U.S. Rep. Joaquin Castro, D-San Antonio, said Saturday that he will decide in eight weeks whether to run in 2018 for the U.S. Senate seat now held by Sen. Ted Cruz.
Castro set the date for a decision in a Q&A session with reporters before speaking to crowd of about 300 supporters on a warm night in the courtyard at the Historic Scoot Inn in East Austin, which exploded in cheers and chants when, in answer to a direct question on the subject, he declared, “I am looking at the Senate race against Ted Cruz.”
“Ted Cruz has not spent a single day working for the people of Texas,” said Castro, who will also travel to Houston and Dallas as he makes up his mind about a race. “Ted Cruz tunes out most of Texas.”
Castro said that his twin brother, Julián, the former mayor of San Antonio who just finished a stint as secretary of Housing and Urban Development in the Obama administration, wouldn’t challenge Gov. Greg Abbott in 2018, foreclosing the possibility of the two twins leading the state Democratic ticket.
He said Julián will spend the next six to nine months writing a book.
“My brother is not going to run for governor in 2018, but we need to find a strong candidate for governor,” said Castro, who earlier said, “I’ll tell you, I don’t trust Greg Abbott.”
Every Republican governor of Texas “thinks he can be president,” he warned.
Last week, U.S. Rep. Beto O’Rourke told students at the University of Texas that he was likely to run for Cruz’s seat because, “if no one else is going to do it, I sure as hell am going to do it because, 2018, two years of Trump, six years of Cruz … if we don’t do this now, when the hell are we going to do it?”
Castro said of O’Rourke: “Beto and I are good friends in the Congress, and he’s a sharp, very passionate congressman, who does a great job for the people he represents.”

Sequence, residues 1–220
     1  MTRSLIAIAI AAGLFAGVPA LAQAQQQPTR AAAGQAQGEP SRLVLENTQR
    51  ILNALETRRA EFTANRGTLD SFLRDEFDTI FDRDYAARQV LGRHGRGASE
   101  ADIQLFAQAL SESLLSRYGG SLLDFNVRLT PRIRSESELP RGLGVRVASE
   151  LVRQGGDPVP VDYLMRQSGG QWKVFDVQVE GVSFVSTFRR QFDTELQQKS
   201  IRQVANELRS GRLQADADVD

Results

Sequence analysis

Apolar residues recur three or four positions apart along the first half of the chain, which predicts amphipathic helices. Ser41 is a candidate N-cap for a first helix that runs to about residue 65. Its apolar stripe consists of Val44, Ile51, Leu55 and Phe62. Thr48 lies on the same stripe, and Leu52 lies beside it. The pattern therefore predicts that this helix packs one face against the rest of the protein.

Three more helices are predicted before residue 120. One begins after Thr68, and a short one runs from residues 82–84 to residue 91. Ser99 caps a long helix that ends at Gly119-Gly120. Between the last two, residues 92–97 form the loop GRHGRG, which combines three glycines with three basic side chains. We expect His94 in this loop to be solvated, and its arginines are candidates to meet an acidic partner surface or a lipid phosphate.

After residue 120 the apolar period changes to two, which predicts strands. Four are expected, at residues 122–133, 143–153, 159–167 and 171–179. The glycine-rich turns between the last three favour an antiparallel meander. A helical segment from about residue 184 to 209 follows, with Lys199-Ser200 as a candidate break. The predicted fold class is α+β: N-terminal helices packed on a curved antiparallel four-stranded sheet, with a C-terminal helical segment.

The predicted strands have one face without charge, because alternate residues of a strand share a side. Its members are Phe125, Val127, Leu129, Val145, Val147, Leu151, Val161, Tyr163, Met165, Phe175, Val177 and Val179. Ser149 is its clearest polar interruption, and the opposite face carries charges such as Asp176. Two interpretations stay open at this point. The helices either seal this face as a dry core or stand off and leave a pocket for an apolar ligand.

Castro also said he had no new information Saturday about immigration sweeps in South and Central Austin.
On Friday, Castro had confirmed that targeted operations were taking place in the area as part of a program that U.S. Immigration and Customs Enforcement is calling Operation Cross Check.
He said he was told by federal officials that the roundup would last five to eight days and he would receive more information when it was complete. Castro said he didn’t know whether the operation had been set in motion by the Obama administration, or if any nonviolent persons were being deported, though he said there were anecdotal reports on social media that that was the case.
Earlier Saturday, about a dozen people protested for a second day in North Austin against the recent crackdown on unauthorized immigration, a continuation of the previous night’s demonstration in the same place that drew more than 100 people.
The group gathered Saturday at about 12:30 p.m. at the corner of an H-E-B store on Rundberg Lane and North Lamar Boulevard. Protesters say a man was detained by ICE officials near the area Friday morning.
A video widely shared on social media Friday shows a handcuffed man sitting against a vehicle in front of a nearby Whataburger while officers who appear to be ICE agents walk around.